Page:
Three Sonora Elementary School students wondered how students could be brought together for an after school program that could promote cooperation, inclusion and friendships.
The girls decided to take student interests away from digital screens and into thought-provoking, old-fashioned board games.
“Our main goals are for the students to become friends and become connected,” said eighth-grader Greta Hildebrand, 13, the spokesperson for the burgeoning club.
“There were no after-school activities,” she said. “It’s just something everybody can do.”
“We just want to have a fun place to go and have them making friends,” added eighth-grader Valerie Harris, 13, while Greta’s sister, Anna Hildebrand, 13, chimed in, “I feel good. The kids have really improved.”
Anna also noted that many have already shown more interest in “friendships and social interaction.”
It was a rare sight in the library of Sonora Elementary School to see students clustered around small tables, and instead of being quiet and studious, laughing and jabbering excitedly.
Games such as chess, checkers and the ever-popular “Game of Life” lay open, their dedicated pieces positioned across the board. A pair of students challenged themselves to the engineering balancing-act of Suspend, hanging notched metal wires upon one another to a create an inverted, twisting mobile.
A pile of other available games were also on hand, including Connect 4, Scattergories, Monopoly, Battleship and Scrabble.
Much of the focus of the students’ attention was governed by the sheer competitiveness of each game: Who was the best chess? Had one of the students finally ended their winning streak in Connect 4? Who was next in line to play Checkers?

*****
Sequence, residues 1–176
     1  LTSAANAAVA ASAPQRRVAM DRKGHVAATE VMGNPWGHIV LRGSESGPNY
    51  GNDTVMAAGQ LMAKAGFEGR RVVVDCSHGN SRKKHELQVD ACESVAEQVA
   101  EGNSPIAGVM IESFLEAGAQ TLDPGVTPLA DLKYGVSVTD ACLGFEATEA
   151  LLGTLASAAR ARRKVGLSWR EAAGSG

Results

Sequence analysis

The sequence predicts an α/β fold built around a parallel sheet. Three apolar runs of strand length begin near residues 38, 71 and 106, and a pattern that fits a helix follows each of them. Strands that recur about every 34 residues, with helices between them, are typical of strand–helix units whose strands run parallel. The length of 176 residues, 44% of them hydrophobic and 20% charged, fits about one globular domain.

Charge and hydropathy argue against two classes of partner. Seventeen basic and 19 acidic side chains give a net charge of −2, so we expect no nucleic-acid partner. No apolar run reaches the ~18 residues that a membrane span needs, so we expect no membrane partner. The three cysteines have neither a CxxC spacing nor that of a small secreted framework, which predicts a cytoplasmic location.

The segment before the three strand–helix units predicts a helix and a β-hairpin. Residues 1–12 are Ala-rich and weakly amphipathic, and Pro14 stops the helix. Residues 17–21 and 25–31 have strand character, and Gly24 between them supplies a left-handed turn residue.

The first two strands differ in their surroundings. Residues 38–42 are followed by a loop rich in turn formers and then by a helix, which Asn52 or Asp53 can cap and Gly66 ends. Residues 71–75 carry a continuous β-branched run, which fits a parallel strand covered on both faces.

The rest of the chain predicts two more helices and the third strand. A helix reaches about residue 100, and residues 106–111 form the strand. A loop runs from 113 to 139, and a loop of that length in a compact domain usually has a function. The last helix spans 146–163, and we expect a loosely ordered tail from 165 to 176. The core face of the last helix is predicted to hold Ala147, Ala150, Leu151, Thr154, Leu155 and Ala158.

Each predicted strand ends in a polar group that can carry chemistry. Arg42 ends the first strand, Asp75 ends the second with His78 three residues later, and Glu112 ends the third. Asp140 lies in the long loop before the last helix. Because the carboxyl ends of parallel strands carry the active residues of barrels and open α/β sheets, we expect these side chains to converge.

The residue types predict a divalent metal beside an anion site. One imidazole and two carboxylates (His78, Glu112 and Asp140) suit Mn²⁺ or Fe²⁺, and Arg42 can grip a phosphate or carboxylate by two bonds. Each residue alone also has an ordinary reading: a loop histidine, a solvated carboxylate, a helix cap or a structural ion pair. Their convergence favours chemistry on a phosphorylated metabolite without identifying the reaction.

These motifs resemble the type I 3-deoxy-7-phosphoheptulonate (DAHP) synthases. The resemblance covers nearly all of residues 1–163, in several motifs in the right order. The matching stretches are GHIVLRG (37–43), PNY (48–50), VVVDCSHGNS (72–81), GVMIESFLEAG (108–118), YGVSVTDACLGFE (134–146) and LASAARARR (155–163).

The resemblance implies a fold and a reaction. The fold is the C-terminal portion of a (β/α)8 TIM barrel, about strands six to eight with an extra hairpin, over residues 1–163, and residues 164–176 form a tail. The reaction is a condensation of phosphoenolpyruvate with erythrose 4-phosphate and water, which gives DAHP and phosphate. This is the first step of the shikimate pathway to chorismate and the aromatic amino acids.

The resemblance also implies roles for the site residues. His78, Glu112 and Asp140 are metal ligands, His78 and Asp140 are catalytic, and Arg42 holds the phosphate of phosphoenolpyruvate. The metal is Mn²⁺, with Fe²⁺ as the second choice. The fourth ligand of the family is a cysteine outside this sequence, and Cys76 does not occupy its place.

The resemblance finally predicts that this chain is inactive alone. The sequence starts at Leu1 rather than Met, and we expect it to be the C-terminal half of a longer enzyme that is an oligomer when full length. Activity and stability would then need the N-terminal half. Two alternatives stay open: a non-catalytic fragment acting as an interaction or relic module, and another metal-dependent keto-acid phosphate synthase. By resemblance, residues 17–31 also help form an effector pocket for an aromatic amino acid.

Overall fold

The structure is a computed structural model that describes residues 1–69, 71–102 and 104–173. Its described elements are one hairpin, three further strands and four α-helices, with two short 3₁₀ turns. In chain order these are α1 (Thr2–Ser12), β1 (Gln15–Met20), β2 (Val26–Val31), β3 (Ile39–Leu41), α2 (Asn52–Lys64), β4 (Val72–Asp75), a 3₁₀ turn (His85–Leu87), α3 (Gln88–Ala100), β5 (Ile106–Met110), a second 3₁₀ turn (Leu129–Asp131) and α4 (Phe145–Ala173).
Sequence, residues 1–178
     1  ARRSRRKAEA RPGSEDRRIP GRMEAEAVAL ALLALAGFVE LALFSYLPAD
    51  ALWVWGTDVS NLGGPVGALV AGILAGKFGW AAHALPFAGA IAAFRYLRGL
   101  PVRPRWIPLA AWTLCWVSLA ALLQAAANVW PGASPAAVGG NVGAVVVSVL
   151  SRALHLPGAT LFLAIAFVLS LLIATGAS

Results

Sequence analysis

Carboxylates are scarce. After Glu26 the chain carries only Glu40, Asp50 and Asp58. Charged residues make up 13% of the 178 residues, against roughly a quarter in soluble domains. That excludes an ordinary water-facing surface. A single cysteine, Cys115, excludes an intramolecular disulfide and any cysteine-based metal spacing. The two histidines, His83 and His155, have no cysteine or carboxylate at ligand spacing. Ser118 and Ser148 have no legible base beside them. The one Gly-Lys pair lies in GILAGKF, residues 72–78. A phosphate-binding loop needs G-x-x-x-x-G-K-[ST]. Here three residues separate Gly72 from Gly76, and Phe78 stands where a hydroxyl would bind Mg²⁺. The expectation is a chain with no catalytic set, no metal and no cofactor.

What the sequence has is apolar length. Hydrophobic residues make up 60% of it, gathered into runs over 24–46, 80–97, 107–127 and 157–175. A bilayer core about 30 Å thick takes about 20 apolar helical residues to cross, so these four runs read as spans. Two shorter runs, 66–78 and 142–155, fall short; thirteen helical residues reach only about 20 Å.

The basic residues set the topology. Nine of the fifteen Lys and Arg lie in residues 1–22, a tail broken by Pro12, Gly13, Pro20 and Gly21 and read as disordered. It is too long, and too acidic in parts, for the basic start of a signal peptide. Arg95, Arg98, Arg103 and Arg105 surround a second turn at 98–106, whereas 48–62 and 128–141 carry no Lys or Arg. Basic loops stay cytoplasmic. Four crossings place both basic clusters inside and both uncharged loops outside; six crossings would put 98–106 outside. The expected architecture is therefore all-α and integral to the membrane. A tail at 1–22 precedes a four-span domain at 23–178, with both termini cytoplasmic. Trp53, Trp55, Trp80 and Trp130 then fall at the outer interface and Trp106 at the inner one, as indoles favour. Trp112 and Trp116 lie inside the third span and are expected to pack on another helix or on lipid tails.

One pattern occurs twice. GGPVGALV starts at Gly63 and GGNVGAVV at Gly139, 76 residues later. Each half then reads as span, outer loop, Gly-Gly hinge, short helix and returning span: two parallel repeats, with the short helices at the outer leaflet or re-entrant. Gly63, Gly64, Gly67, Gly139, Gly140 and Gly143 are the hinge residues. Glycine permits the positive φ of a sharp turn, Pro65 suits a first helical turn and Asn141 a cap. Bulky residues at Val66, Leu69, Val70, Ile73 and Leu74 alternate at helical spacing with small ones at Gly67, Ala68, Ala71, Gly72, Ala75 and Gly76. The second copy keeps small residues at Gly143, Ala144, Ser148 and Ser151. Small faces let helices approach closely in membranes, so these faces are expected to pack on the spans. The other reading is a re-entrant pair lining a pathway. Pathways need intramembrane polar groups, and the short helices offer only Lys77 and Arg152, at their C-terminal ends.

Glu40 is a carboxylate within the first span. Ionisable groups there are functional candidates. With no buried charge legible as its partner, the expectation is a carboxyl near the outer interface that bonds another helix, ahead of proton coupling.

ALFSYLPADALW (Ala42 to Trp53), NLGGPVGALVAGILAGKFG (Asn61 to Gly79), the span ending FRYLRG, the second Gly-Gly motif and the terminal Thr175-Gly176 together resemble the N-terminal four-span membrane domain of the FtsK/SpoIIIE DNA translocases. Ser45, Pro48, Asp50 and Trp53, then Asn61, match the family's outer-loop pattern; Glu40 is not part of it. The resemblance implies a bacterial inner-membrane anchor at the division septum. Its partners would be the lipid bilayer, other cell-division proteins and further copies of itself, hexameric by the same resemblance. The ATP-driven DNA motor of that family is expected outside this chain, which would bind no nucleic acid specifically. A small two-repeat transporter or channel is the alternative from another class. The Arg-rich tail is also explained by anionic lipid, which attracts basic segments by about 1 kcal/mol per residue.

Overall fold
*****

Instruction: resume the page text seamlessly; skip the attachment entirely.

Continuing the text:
But that palpable sense of one-upmanship was just one aspect of the fun, with each of the students embodying a sense of fellowship to guide new players, talk to new peers and altogether forge new friendships in an interpersonal rather than digital way.
Sixth-grader Atticus Narron, 11, shrugged when considering why he had attended the game club during its first two sessions, noting that it just “sounded fun.”
But Narron, the Hildebrands and Harris all pointed to an adjacent table at one of the “more popular” games that Narron had just finished with: a card-based version of the classic computer game, “The Oregon Trail.”
The original game concept in 1971 accompanied the rise of the computer age. “The Oregon Trail” became a feature in classrooms, teaching children organization, preparedness and critical thinking skills.
The popularity of the game has not waned in its non-digital form, however, with multiple students flipping cards and undergoing the trek together.
The students were all sure of one thing, too, Narron said,
“You always end up with dysentery.”
The education that accompanied the game was not lost on them. Each student was able to accurately and fully describe the disease that was more formidable and frequent in a bygone era.
Carrie Schmidt, co-president of Support Sonora School (SSS), a parent and student advocacy organization for Sonora Elementary School, smiled as she looked out on the students hunched and focused on their respective games.